What do you think of when you hear the word meditation? It has all sorts of associations for me: Qigon, Tai Chi, various sitting meditations, relaxation tapes and guided imagery, Herbert Benson’s relaxation response, Jon Kabat Zinn’s Full Catastrophe Living, Heart Math’s Freeze-Frame, Mark Thornton’s Meditation in a New York Minute and many others. There are a wealth of possibilities, and people meditate for various reasons — from trying to achieve spiritual enlightenment to being more effective and aware in their everyday lives.

I started meditating when I was in high school and read about Emerson and the transcendentalists in New England. In one form or another it’s been an important part of my life ever since. My two main techniques now are (1) remembering to get calm, centered, creative and constructive when I have to deal with challenges that arise in my life and (2) playing with Photoshop.

When I got my first PC years ago I started playing Free Cell solitaire and noticed what a calming, centering effect the game had on me. I moved the cards intuitively rather than trying to reason things out and it did quiet my mind and relax my body. It just goes to show, we have to find out what works for us.

When I changed to the Mac I gave up the game because the colors weren’t right — apparently the bright colors had been an important part of the experience. So instead I started playing with Photoshop — I can spend hours playing with shapes and colors, experimenting with different techniques and seeing what happens, getting immersed in the experience. Again, not your conventional meditation but it works for me.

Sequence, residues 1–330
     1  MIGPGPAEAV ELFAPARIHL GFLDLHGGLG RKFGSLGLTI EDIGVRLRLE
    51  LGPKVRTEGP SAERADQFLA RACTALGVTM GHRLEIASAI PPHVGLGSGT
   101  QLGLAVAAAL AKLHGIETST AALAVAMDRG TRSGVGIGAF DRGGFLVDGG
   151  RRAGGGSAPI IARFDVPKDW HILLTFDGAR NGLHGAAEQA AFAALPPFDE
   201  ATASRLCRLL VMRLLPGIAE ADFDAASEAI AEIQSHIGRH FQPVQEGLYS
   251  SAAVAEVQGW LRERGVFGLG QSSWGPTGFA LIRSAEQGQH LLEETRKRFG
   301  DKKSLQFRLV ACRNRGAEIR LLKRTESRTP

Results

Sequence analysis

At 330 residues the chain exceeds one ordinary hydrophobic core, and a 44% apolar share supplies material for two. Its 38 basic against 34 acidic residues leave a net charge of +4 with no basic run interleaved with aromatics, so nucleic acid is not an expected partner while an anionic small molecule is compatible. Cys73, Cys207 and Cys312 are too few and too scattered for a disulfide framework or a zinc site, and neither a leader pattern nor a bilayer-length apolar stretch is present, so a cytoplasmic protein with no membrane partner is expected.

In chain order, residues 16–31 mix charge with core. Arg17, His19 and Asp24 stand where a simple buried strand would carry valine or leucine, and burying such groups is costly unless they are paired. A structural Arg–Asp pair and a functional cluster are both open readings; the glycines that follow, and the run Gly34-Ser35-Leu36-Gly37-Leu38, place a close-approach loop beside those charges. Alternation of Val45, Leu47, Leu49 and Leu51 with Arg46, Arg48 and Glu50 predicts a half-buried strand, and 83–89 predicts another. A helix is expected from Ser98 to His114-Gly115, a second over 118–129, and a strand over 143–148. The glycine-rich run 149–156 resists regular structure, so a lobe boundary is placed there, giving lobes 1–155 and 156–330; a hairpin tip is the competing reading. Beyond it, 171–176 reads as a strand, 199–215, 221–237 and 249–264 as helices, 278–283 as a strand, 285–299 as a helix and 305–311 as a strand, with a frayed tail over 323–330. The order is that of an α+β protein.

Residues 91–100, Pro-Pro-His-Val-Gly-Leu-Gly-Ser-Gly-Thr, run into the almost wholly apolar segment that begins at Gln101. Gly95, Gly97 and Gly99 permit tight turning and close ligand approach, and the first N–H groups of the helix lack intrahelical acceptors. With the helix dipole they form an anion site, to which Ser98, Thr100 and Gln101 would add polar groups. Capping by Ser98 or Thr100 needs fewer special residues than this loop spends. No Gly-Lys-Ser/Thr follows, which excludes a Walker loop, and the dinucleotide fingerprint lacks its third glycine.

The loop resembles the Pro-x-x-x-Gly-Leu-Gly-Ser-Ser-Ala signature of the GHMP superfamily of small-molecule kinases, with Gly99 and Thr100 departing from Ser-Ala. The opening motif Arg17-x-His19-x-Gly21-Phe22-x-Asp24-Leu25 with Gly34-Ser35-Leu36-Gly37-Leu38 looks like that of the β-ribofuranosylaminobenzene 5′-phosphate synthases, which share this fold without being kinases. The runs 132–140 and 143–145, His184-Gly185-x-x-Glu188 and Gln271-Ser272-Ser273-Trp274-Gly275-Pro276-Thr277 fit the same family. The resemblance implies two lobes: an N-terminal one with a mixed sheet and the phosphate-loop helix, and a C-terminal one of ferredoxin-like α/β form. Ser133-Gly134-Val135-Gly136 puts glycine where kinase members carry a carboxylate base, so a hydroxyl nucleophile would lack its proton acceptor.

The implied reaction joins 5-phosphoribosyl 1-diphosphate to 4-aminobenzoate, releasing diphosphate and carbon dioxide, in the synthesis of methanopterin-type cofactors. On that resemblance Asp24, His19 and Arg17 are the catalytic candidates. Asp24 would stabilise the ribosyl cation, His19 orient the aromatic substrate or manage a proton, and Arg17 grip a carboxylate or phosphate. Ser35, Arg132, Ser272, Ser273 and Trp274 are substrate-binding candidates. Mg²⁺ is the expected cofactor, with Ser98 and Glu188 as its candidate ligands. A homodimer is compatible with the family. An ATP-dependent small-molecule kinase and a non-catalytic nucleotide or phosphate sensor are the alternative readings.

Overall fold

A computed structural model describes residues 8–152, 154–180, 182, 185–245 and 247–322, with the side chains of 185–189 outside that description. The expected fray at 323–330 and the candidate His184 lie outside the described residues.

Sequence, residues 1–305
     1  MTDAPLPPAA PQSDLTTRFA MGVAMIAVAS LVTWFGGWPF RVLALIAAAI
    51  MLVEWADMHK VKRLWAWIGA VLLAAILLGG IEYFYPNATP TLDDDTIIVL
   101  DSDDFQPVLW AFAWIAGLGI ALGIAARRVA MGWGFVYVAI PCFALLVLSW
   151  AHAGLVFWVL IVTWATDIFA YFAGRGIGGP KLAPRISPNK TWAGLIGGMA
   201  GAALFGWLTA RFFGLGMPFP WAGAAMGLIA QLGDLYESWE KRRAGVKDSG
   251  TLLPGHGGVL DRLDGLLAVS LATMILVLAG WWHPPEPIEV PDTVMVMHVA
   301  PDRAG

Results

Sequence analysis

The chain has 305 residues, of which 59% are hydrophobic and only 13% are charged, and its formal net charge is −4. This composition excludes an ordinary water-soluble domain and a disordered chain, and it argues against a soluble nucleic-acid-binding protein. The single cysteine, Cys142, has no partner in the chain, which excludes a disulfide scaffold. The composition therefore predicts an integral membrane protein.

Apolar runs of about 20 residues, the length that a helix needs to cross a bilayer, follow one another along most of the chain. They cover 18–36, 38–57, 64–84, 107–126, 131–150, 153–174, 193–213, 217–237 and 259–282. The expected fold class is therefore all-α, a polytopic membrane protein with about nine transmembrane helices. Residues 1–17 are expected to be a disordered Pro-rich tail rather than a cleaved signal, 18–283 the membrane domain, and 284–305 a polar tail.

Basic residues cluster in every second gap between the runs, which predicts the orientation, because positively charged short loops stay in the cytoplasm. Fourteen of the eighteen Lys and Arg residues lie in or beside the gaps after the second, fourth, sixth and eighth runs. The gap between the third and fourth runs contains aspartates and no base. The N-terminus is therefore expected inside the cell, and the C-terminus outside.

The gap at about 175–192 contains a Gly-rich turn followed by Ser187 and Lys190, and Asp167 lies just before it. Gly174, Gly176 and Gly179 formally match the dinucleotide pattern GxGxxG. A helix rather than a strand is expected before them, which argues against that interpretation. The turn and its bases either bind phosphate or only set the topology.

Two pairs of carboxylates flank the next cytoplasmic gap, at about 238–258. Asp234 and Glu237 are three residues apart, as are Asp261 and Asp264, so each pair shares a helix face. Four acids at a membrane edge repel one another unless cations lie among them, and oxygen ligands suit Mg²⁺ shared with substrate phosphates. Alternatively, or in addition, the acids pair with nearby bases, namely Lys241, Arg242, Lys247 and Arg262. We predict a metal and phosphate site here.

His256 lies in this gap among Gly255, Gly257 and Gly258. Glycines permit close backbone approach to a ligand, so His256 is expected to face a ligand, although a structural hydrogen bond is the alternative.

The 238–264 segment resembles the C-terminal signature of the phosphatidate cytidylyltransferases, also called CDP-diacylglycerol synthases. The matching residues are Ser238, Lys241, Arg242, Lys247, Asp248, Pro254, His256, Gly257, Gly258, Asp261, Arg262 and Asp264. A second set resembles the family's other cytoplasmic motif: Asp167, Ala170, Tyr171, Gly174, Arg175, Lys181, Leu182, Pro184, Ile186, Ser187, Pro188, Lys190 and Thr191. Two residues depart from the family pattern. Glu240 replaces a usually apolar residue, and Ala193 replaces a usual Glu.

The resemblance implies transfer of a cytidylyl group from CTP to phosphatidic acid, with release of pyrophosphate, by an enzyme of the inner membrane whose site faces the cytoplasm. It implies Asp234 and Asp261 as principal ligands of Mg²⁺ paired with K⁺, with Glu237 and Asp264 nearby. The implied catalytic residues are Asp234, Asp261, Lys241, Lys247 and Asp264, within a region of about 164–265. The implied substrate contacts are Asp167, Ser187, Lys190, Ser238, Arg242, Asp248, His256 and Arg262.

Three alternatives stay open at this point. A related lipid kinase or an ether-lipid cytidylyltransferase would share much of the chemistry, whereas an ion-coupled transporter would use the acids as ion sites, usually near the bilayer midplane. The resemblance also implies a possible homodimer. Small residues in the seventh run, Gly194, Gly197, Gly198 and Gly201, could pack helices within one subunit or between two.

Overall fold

Have you ever meditated? If so what forms have you tried? What effect did they have on you?

Thanks to Mike, Evan, tammy, Cathy, Dixie, bikehikebabe and Rummuser for commenting on last week’s post.
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22 Responses to Meditation

  1. Cathy in NZ says:

    Before I get to the topic…I have been getting two emails to different address – so I have unsubscribed from hopefully the “ihug” one only.

    I don’t particularly meditate, nothing that would classed exactly that as it. But rather I stop and think – maybe mindless looking at nothing.

    If I don’t have to rush out of bed quickly, I might spend upto an hour lying there, just thinking about the day; nothing or other…
    Cathy in NZ´s last blog post ..Changing Seasons, Changing Pathways

  2. Evan says:

    Imageless meditation I just found impossible.

    Qi gong works well for me. And in some ways journalling – if a kind of contemplative examination of experience counts as meditation.
    Evan´s last blog post ..Attitude #2 – changing your attitude part C the future

  3. bikehikebabe says:

    Starting from the top (of this post) I took Qigon & Tai Chi from a Chinese woman
    at Jean’s church. As for meditating, I can’t. My mind is restless. I’ve tried
    imagining an orange, a dead fish floating on Rock Lake in WV, field of grain
    blowing in wind I saw on bike in Sweden etc. etc. Nothing works. If it works for
    you here is a good link:

  4. Jean says:

    I’ve added the captcha because of the warning at tammy’s site. Apparently sites like this one are being attacked by hackers, so I’m heeding the warning. Thank you, tammy!

    Good for you! I once wrote a post entitled “Are You Spending Enough Time Doing Nothing?” and I used these quotes:

    So you see, imagination needs moodling — long, inefficient, happy idling, dawdling and puttering.
    –Brenda Ueland

    All of man’s troubles come from his inability to sit alone, quietly, in a room, for any length of time.
    –Blaise Paschal